June 09, 2003
The Consequences of Britain's Saying "No" to the Euro

David Begg, Olivier Blanchard, Diane Coyle, Barry Eichengreen, Jeffrey Frankel, Francesco Giavazzi, Richard Portes, Paul Seabright, Alan Winters, Anthony Venables, and Charles Wyplosz say that The Consequences of Saying No--or, rather, not yet--to the euro are much bigger than the British Treasury thinks. A Britain that is not in the euro has no influence on how the euro zone develops. And they believe that over time--a couple of decades?--British trade will reorient itself toward Europe. Thus the choice is between joining the euro now (and helping the euro zone evolve in a direction that is good for Britain) and joining the euro later (and in the meantime having no influence into how the euro zone evolves)....

Posted by DeLong at 07:33 AM

May 12, 2003
Notes: The Character of the Absolutist State in Western Europe

Perhaps the most interesting argument about why the demographic crisis produced by the Black Death did not lead to the reemergence of serfdom in Western Europe (as lords discovered that, with population down by 1/3, they would rather be labor lords than landlords) is that made by Perry Anderson in his book Lineages of the Absolutist State. Anderson argues, first, that the particular role of Western European towns made a formal reimposition of servile bondage impossible: "...the aristocracy had to adjust to a second antagonist: the mercantile bourgeoisie... towns... the intercalation of this third presence... prevented the Western nobility from settling its accounts with the peasantry in Eastern [European] fashion, by smashing its resistance and fettering it to the manor. The medieval town... hierarchical dispersion of sovereignties... feudal mode of production... freed urban economies from direct domination by a rural ruling class.... [Urban] economic and social vitality acted as a constant, objective interference in the class struggle on the land, and blocked any regressive solution to it by the nobles." Feudal lords could agree among themselves and with the king to reimpose serfdom, but they lacked the power to do so if peasants could still (as they could in Western...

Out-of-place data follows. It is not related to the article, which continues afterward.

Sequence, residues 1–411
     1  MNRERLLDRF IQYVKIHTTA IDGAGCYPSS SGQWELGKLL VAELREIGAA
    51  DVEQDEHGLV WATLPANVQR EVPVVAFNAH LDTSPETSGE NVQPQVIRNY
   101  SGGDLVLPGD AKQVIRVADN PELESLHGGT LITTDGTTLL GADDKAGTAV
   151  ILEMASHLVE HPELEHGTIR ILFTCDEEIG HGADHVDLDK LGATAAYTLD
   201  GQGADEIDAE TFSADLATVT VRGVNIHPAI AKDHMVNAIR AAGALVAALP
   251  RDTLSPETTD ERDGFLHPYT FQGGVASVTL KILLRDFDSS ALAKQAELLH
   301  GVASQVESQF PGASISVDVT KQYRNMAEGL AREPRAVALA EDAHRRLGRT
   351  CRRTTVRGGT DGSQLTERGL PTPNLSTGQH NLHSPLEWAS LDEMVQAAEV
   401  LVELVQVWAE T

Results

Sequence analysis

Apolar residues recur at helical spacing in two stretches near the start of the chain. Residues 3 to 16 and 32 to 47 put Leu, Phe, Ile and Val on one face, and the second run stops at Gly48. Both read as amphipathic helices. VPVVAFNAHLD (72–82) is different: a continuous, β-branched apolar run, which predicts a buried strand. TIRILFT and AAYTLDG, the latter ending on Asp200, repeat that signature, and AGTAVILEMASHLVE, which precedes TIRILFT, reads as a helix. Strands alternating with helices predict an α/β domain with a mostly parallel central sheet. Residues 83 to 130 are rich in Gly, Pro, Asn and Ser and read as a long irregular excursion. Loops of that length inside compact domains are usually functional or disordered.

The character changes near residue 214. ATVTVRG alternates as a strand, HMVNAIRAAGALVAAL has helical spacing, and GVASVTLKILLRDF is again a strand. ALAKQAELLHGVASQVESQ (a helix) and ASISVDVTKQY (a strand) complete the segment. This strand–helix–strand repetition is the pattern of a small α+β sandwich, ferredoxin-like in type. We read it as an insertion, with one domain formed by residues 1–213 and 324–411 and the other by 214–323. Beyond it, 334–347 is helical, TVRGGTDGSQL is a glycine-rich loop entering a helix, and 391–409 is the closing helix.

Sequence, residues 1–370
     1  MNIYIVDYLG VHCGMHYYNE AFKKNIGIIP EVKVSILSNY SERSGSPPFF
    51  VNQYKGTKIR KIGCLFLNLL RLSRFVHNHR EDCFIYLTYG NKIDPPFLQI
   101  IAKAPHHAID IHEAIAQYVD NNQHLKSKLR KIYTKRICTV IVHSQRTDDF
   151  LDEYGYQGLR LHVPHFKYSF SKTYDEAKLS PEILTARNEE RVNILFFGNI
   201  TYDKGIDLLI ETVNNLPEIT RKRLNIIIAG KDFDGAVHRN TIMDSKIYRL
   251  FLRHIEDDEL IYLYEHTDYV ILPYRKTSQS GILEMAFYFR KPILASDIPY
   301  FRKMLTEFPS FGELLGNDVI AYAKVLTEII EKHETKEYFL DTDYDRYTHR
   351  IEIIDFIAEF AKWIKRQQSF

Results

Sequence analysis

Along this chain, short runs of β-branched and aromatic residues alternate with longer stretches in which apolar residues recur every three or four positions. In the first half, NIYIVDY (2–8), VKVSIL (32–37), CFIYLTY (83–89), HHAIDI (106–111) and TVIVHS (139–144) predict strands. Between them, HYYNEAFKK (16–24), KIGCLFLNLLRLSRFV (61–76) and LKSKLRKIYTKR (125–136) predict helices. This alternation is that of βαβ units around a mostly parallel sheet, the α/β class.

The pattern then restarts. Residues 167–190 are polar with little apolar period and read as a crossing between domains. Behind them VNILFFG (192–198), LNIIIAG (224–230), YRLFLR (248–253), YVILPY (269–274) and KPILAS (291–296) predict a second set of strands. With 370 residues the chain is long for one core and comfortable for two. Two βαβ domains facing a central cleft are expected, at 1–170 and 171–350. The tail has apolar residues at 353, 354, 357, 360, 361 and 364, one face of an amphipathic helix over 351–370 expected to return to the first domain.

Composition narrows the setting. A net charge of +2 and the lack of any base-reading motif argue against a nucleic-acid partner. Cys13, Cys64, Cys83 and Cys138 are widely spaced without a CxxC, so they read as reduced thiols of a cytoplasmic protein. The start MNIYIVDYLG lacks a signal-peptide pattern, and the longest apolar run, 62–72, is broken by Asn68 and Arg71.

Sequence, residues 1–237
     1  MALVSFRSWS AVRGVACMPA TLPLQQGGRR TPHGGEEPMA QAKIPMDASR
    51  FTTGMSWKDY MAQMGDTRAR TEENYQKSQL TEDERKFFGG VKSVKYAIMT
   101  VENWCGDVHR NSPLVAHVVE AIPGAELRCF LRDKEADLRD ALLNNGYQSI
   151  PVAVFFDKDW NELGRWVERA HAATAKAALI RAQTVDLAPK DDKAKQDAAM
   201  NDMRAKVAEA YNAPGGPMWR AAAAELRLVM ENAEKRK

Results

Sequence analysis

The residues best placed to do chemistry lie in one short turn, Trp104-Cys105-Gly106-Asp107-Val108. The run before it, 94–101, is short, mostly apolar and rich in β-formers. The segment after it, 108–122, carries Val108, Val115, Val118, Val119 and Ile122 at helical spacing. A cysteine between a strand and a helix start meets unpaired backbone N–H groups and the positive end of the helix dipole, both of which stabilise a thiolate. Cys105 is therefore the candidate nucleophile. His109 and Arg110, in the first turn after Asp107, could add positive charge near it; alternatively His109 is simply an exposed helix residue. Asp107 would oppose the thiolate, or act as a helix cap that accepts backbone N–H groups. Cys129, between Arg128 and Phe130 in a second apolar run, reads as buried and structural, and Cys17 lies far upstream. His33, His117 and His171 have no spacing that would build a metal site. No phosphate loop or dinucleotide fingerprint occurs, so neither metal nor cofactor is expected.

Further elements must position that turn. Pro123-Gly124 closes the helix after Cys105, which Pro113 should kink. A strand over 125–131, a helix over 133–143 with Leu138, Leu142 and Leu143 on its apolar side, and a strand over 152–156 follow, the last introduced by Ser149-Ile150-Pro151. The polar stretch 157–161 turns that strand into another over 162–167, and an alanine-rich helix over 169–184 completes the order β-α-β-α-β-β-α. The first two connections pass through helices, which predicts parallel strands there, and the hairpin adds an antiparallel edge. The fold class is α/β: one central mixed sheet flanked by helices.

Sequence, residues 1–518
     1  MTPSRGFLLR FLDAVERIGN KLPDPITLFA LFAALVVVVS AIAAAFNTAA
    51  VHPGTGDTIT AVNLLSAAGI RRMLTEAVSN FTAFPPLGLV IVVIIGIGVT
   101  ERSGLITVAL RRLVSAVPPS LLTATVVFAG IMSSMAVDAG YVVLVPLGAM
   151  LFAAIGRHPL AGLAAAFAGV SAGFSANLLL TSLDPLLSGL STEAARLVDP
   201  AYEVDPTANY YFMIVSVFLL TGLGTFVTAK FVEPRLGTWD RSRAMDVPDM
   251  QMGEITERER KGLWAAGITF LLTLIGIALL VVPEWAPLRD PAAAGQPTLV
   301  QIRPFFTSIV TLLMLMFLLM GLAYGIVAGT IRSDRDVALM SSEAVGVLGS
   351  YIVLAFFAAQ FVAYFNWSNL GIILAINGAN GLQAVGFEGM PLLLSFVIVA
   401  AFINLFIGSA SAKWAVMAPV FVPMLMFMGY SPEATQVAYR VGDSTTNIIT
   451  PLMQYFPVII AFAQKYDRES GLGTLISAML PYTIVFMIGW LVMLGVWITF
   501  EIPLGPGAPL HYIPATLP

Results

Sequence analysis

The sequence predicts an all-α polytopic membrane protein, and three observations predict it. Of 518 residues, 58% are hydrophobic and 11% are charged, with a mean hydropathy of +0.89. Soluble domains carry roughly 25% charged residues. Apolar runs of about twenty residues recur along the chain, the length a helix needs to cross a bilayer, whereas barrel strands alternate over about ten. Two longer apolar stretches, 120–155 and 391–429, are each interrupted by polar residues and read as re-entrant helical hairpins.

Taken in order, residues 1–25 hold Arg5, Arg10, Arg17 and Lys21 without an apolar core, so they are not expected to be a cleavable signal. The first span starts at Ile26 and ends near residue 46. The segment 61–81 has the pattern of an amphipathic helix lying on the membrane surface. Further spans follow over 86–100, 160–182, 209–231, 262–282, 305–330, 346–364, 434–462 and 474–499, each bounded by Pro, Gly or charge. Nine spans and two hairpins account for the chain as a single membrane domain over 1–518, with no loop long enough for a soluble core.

Posted by DeLong at 02:02 PM

May 01, 2003
Bradford Is Not Annoyed, But Is Rather Impressed

However, there are also a large number of very, very nice moments in William Hitchcock's Struggle for Europe as well (William Hitchcock (2002), The Struggle for Europe (New York: Doubleday: 0385497989)). I am impressed by: William Hitchcock on the fecklessness of European left-wing intellectuals: p. 10: Simone de Beauvoir... Americans, she write, "approved of all Truman's speeches. Their anti-Communism bordered on neurosis; their attitude towards... France... arrogant condescension"... "we had loved them, these tall soldiers in khaki who had looked so peaceful; they were our liberty." Now they represented "our dependence and a mortal threat".... de Beauvoir's line of attack on the United States, echoed in the writings of hundreds... missed a crucial part of the overall picture. The Iron Curtain was quite real... a decidely nasty form of political order... could well have been visited upon France, Germany, and Italy, were it not for those tall U.S. soldiers in khaki. De Beauvoir failed to see--did not wish to see--the nature of the "people's democracies" being erected in Eastern Europe under Soviet coercion... distressed intellectuals did not publish memoirs and go on the lecture circuit; they wrote forced confessions and went to prison... William Hitchcock on what Stalin was thinking:...